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Our holdings include hundreds of glass and film negatives/transparencies that we've scanned ourselves; in addition, many other photos on this site were extracted from reference images (high-resolution tiffs) in the Library of Congress research archive. (To query the database click here.) They are adjusted, restored and reworked by your webmaster in accordance with his aesthetic sensibilities before being downsized and turned into the jpegs you see here. All of these images (including "derivative works") are protected by copyright laws of the United States and other jurisdictions and may not be sold, reproduced or otherwise used for commercial purposes without permission.

© 2018 SHORPY INC.

[REV 25-NOV-2014]

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Photographers' Special: 1904

Photographers' Special: 1904

Vermont circa 1904. "Summit Cut, Green Mountains. Rutland R.R. Photographers' Special." A long shot of the engine seen here hauling a carload of shutterbugs. 8x10 inch glass negative, Detroit Photographic Company. View full size.

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Thanks for the location

I tried to follow the route on google maps to no avail, I shall try again with the above information.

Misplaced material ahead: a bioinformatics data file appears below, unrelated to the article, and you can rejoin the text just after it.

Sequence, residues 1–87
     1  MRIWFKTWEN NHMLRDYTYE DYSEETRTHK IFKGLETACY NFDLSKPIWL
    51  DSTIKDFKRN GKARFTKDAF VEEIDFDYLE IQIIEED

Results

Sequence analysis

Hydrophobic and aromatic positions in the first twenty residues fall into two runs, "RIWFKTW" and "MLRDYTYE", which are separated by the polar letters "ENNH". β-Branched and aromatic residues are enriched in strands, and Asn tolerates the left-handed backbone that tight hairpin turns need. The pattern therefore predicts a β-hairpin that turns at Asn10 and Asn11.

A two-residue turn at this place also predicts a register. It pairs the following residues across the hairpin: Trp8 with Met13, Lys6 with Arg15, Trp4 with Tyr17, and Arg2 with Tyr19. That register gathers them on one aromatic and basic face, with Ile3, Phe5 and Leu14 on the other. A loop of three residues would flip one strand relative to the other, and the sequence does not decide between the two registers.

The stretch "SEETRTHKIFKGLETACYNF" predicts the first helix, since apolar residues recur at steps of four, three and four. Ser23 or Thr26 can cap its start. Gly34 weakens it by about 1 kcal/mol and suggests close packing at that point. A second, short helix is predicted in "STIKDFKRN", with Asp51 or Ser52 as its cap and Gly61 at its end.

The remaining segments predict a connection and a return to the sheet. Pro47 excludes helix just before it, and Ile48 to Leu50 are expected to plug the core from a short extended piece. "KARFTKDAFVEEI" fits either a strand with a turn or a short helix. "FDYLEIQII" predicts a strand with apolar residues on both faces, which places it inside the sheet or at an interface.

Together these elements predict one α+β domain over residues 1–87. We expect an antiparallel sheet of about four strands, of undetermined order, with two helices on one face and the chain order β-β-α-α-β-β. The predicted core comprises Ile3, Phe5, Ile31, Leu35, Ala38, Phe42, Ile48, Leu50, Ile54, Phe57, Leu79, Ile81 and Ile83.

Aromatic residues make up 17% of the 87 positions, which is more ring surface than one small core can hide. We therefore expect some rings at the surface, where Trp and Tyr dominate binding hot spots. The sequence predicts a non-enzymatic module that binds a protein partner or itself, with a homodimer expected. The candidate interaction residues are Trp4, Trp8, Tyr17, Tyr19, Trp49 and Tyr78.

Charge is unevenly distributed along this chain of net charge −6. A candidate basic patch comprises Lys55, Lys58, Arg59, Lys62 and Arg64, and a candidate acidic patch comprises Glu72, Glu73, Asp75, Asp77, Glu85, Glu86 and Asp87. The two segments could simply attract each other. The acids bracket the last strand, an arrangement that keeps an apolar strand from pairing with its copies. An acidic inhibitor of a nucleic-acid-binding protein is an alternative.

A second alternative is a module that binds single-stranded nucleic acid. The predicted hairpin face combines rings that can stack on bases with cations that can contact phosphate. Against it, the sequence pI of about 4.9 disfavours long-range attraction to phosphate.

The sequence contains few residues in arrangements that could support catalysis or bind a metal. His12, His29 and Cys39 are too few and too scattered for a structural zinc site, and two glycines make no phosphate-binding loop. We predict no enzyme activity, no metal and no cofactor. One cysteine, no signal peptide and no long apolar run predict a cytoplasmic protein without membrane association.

[There's a map here, from the other post. - Dave]

Excessive Engineering

Railroad Men, September, 1907.

The Bellows Falls Division extends easterly from Rutland to Bellows Falls, on the Connecticut River, 52.21 miles. Leaving Rutland, at an elevation of 566, the line climbs to Summit, at an elevation of 1,530, in about eighteen miles with a controlling grade, not compensated on four degree curves, of about seventy feet per mile. … The alignment is very uneven, the percentage of curved track is large and there are many four degree curves. One of the principal features of engineering, or the lack of engineering, on the division is the Summit cut, where the line crosses the Green Mountains in passing from the Connecticut to the Champlain Valley. This cut is in rock; it is nearly a mile long and is said to have cost one million dollars.

SHORPY HISTORICAL PHOTO ARCHIVE | History in HD is a vintage photo archive featuring thousands of high-definition images from the 1850s to 1960s. (Available as fine-art prints from the Shorpy Archive.) The site is named after Shorpy Higginbotham, a teenage coal miner who lived 100 years ago.

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